Triangle: The Fire That Changed America

Triangle: The Fire That Changed America

Language: English

Pages: 352

ISBN: 080214151X

Format: PDF / Kindle (mobi) / ePub

“Sure to become the definitive account of the fire. . . . Triangle is social history at its best, a magnificent portrayal not only of the catastrophe but also of the time and the turbulent city in which it took place.” —The New York Times Book Review

Triangle is a poignantly detailed account of the 1911 disaster that horrified the country and changed the course of twentieth-century politics and labor relations. On March 25, 1911, as workers were getting ready to leave for the day, a fire broke out in the Triangle Shirtwaist factory in New York’s Greenwich Village. Within minutes it spread to consume the building’s upper three stories. Firemen who arrived at the scene were unable to rescue those trapped inside: their ladders simply weren’t tall enough. People on the street watched in horror as desperate workers jumped to their deaths. The final toll was 146 people—123 of them women. It was the worst disaster in New York City history. Triangle is a vibrant and immensely moving account that Bob Woodward calls, “A riveting history written with flare and precision.”

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appointed … World, Dec. 10 and Dec. 19, 1909. … “prosecute John D. Rockefeller…” World, Jan. 9,1910. … in his apartment … Times, March 26, 1911. Into the room charged . . . Logan: Against; Kahn, Swope. Swope was a strapping … Times, Junes 21, 1958. . . . Capt. Dominic Henry … multiple newspapers, March 26, 1911. … more safety precautions… In fact, I did not find any example of union leaders listing workplace safety among the issues at the core of the waist makers’ uprising while the strike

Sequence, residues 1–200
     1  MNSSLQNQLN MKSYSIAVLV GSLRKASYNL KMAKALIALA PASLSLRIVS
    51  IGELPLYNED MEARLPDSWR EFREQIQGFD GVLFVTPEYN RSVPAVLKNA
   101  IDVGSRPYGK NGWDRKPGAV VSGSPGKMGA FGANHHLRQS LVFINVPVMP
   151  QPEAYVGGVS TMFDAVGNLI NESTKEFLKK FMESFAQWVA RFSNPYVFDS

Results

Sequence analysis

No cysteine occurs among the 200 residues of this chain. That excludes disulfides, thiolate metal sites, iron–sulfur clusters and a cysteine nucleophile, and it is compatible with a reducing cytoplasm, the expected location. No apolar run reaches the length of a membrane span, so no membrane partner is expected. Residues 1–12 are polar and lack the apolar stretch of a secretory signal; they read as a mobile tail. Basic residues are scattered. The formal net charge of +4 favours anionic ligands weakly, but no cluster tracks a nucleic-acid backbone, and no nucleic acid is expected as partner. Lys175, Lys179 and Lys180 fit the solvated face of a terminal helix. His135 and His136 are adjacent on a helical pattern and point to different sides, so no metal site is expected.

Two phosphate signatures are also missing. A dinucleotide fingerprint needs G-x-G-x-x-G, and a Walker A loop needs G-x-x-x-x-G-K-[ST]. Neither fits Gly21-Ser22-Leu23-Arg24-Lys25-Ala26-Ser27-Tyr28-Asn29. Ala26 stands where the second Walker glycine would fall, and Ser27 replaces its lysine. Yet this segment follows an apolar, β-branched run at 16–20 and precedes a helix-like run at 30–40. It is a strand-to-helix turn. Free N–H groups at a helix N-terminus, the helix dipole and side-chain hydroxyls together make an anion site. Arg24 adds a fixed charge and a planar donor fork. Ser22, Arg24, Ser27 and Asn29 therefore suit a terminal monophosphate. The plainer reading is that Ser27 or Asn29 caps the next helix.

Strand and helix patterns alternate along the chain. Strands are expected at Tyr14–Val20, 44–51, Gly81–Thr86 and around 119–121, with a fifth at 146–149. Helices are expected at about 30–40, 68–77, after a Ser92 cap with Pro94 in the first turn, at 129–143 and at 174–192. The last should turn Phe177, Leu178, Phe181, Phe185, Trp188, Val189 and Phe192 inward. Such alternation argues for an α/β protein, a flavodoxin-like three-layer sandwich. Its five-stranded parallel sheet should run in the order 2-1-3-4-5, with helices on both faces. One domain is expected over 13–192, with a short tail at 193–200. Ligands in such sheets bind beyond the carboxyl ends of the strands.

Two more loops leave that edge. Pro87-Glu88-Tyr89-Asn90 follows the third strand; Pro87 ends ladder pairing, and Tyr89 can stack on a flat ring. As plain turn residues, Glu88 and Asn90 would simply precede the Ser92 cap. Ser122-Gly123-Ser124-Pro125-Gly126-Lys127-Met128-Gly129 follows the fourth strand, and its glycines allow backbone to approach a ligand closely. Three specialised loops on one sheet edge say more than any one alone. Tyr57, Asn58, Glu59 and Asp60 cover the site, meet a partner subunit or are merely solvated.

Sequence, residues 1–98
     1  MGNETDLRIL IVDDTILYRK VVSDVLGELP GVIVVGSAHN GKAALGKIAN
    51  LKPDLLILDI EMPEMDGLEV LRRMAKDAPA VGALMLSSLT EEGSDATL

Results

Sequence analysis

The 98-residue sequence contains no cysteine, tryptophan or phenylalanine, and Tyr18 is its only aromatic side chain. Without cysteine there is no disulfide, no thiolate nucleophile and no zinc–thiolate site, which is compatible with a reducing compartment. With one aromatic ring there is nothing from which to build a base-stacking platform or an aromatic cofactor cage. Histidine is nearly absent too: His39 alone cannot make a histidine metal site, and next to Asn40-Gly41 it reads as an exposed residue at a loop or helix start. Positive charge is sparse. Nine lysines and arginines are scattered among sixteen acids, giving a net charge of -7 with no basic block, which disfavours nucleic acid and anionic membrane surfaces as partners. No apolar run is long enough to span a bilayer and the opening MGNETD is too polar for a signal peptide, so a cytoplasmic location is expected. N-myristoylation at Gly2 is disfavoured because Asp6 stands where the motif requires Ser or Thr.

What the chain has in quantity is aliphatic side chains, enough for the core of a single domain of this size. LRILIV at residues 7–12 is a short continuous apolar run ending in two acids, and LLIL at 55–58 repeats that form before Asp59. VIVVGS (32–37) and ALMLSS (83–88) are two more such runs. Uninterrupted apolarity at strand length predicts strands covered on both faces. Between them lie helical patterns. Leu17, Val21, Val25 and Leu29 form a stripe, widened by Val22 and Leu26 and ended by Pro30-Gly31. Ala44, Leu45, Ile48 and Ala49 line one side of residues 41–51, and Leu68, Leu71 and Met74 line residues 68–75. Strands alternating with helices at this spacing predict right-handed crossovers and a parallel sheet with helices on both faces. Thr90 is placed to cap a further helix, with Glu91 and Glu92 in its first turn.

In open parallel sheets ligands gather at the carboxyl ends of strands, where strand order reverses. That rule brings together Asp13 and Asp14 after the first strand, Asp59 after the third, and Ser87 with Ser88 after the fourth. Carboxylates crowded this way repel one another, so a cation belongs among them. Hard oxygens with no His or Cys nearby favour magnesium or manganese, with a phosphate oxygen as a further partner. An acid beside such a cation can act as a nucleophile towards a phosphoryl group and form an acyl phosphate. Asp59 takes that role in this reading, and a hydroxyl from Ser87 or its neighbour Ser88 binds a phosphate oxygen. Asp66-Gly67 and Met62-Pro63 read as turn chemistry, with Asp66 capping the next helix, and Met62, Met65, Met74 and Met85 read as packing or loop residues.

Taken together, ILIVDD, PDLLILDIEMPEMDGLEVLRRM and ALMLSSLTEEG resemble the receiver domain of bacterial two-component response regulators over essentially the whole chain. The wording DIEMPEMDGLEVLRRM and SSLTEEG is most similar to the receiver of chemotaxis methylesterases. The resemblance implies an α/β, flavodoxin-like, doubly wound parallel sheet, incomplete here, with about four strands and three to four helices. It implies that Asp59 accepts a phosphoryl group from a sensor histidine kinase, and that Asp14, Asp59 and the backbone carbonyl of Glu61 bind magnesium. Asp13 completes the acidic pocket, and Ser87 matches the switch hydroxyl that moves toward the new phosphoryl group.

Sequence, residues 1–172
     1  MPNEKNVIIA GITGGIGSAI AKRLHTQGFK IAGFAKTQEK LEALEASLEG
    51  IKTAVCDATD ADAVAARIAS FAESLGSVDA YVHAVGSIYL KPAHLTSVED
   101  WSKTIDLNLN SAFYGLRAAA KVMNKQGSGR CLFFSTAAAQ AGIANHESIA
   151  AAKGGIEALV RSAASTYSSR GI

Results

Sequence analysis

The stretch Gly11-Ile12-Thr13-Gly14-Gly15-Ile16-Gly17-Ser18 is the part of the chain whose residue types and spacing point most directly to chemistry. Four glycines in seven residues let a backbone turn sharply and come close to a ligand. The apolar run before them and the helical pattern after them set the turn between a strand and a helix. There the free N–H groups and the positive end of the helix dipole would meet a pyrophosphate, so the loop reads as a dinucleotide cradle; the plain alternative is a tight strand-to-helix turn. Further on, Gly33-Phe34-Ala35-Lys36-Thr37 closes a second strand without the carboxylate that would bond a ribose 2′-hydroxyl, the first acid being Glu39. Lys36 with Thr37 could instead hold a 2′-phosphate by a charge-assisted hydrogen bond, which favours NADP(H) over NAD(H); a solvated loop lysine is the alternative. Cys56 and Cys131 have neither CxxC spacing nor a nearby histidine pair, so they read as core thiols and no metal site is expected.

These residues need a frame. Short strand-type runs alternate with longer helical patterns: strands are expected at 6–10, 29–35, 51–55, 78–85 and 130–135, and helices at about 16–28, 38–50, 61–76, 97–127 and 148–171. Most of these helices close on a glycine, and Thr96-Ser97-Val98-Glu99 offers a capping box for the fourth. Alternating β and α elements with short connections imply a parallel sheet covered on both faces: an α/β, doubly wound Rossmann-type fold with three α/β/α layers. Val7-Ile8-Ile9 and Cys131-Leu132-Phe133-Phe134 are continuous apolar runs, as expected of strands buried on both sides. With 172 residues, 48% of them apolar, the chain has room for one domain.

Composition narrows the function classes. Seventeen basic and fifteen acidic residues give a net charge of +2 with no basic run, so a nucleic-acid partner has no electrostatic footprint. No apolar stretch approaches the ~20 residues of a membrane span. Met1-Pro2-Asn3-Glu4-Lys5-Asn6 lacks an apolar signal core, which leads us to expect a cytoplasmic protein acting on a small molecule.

immigrants. A young worker would arrive in America and, with luck and labor, eke out the beginnings of a small enterprise—making blouses, say. Brothers and sisters and cousins and nieces would follow. As the business accumulated capital, the entrepreneur might use it to set up an uncle or an old neighbor from back home in the button business or the lace trade, and these became his suppliers. And if the blouse maker’s son married the lace maker’s daughter, all the better. Once Blanck and Harris

declaration. The stampede to settle was quelled and a policy of muscular resistance—the chosen strategy of Blanck and Harris—became the official position of the newborn Allied Waist and Dress Manufacturers Association. Inevitably, perhaps, once management hardened its position, violence returned to the picket lines. At the J. M. Cohen & Co. factory, just down the street from the Triangle, strikers and scabs waged a bloody fight. Dozens of reserve officers charged in from the Mercer Street

to lip service dwindling into forgetfulness. Certainly, the fire at the Triangle was a sensational variation on the theme of mass tragedy: the gory spectacle of flames and smoke pouring into a clear sky in plain view of the whole city . . . helpless victims dying in sight, but just out of reach . . . the awful realization that a huge and vulnerable world existed far above the street. And yet larger disasters, in terms of lives lost, had amounted to little or nothing enduring, except grief. In

injured, Max Steuer—the name rhymed with “foyer”—was a Jewish immigrant from Eastern Europe who arrived in New York with nothing and started climbing. He had known steerage, and the Lower East Side tenements. He spoke perfect Yiddish and had toiled in the garment shops. These were his people. He had walked in their shoes. At the same time, he could treat this intimate knowledge as just data. For Steuer was not one of them. He was unique. This was clear even in 1911, which was the cusp of his

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